Canadian funding for health research has varied over the last few decades. Our work focused specifically on the magnitude of public/charitable funding on cardiovascular disease (CVD)-related research from 1975 to 2005. These sectors’ spending have increased over this 20-year period but mostly in the last decade. In particular, public/charitable sectors expenditures first rose after 1998, from $39 million to $48 million, and then again from 2000 onwards, from $72 million to just over $90 million.
A closer look at the composition of the public/charitable sectors expenditure trends over time show that the H&SF of Canada and the MRCC have been the main funders and drivers of CVD research in Canada during our analysis period (Figure
). From 1975 to the mid-80s, the H&SF of Canada and the MRCC funded the majority of CVD-related research. After that, provincial agencies, such as the AHFMR and the FRSQ, started to gain importance. The ICRP and CFI became major funders in the later years of our analysis, after their creation.
This first major increase in CVD funding can be attributed to several factors. In 2000, the MRCC transitioned to the CIHR with a broader mandate and endowed with a larger budget
]. In addition, after 1999 the H&SF of Canada started funding research chairs in cardiovascular and stroke research, providing additional funding for researchers
]. Finally, the creation of both the CFI and the CHSRF in 1997 contributed to an increase in overall funding. The second major increase in funding can be explained, in part, by the creation of several other organizations. Genome Canada was established in 2000 to develop and implement a national strategy to support large-scale genomics and proteomics research. The ICRP followed in 2003.
Over our analysis period, public/charitable sectors expenditures increased by a factor of almost 7.5. However, compared to the UK, Canada has spent far less on total public/charitable cardiovascular-related research over the last 30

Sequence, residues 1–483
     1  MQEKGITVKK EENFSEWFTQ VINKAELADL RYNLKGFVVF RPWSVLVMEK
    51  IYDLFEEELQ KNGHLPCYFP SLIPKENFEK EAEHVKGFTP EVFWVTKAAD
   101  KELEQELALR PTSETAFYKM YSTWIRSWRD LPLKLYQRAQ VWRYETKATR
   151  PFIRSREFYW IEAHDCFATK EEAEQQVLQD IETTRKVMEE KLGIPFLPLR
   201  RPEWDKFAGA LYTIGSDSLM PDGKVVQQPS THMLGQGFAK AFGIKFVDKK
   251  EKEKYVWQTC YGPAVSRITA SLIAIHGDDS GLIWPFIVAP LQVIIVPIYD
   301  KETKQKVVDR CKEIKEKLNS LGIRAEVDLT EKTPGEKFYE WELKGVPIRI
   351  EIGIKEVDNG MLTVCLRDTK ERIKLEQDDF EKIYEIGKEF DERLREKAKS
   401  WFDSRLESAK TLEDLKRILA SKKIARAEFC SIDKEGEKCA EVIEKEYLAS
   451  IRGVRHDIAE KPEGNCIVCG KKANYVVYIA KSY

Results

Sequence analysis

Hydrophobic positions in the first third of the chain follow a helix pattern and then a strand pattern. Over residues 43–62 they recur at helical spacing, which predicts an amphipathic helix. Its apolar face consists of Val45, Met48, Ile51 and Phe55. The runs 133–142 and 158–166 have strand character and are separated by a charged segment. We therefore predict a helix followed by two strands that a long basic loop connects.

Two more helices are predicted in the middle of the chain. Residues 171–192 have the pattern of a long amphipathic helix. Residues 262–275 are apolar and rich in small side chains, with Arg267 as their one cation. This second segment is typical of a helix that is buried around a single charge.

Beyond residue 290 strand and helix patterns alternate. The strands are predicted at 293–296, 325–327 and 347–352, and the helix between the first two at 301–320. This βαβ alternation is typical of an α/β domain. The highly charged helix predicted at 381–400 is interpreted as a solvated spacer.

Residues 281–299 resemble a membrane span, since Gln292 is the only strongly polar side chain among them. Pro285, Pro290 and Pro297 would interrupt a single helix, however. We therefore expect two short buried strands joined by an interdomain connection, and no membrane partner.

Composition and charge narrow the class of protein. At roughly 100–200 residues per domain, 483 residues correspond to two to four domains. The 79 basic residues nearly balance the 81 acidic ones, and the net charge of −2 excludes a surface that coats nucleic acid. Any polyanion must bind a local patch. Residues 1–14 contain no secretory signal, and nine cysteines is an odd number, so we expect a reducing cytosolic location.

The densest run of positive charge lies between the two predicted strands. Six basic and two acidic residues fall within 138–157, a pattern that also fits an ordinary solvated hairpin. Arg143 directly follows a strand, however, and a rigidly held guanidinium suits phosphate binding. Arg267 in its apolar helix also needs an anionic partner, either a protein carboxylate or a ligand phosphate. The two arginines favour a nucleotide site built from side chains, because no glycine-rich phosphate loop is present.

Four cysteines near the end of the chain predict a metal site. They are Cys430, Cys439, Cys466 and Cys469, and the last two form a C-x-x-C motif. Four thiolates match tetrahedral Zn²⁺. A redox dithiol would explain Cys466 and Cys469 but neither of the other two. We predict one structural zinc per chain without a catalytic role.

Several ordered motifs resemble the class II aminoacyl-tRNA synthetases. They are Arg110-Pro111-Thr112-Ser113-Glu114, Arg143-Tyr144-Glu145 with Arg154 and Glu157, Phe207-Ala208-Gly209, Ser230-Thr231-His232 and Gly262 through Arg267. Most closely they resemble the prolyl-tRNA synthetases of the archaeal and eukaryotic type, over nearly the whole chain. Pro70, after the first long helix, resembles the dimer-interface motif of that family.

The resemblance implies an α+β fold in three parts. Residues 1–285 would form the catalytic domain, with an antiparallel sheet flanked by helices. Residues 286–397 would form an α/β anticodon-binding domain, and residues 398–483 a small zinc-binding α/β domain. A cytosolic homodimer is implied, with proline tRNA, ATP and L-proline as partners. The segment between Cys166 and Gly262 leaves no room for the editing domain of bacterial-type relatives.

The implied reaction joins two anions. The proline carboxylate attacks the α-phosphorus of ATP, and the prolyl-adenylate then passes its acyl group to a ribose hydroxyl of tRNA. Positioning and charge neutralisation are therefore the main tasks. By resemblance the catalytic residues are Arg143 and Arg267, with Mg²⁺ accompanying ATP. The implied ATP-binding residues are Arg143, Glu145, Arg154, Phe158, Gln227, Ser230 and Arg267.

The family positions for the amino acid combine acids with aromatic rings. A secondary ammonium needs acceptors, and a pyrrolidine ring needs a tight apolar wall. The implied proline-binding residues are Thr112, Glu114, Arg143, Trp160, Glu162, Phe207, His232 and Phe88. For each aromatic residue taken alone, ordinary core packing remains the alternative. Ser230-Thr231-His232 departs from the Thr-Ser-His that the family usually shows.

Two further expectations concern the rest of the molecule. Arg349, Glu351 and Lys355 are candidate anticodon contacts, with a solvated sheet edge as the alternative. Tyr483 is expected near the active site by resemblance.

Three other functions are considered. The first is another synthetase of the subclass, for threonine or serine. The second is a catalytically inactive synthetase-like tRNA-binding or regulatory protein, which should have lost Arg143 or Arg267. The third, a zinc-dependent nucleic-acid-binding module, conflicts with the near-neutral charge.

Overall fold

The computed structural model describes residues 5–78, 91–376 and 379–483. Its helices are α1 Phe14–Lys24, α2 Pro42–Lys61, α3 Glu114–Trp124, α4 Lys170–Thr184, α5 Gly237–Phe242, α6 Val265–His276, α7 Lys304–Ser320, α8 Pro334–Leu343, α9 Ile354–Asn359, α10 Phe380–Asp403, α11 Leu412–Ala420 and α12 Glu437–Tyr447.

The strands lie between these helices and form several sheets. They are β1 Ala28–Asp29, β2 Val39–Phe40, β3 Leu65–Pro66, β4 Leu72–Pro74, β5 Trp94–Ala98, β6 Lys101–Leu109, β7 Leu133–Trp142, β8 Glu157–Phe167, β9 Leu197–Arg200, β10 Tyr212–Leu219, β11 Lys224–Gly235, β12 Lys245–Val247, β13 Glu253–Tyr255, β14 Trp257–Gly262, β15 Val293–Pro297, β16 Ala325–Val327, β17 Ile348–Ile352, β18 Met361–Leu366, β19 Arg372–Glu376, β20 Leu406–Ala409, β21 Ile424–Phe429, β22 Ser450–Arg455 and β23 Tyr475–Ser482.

years. In particular for the public/charitable sectors, Canada spent almost $13 million on cardiovascular-related research in 1975 for a population of about 23 million – roughly $0.60 per person. The UK spent about $4.50 per person, 8 times the Canadian value for a population twice as large
]. In 1992, seventeen years later, Canada spent about $1.42 per person on cardiovascular-related research, while the equivalent UK value was $4.23. The UK has traditionally spent more on research-related activities than Canada
], which largely explains this difference. Furthermore, this result may be due to different approaches in estimating expenditure data. Nonetheless, the gap in research expenditures between the two countries has decreased in the last years, attributed largely to creation of the CIHR and other research-funding organizations.
Other research reports that overall biomedical and health services research spending per capita in Canada in 1985 ($17) was slightly more than half that of the US ($30)
]. More recent data also show that Canada spends substantially less on CVD-related research than the US. Data from the NIH (using the RCDC method) shows that for 2008 about $4.6 billion dollars (USD) were spent on CVD-related research (this includes atherosclerosis, cardiovascular, heart disease, heart disease – coronary heart disease, hypertension and stroke)
]. (Unfortunately, we do not have the figures for 2005; however, it is likely that this value has not changed much.)
By international standards, the evidence suggests Canada spends less on health-related research than the UK and the US, at least in terms of absolute values; however, to fully gauge the impact of Canada’s research investment would require understanding how CVD research expenditures lead to changes in health. From 1994 to 2004, we witnessed a drop in the adult CVD-attributable death rate of about 30%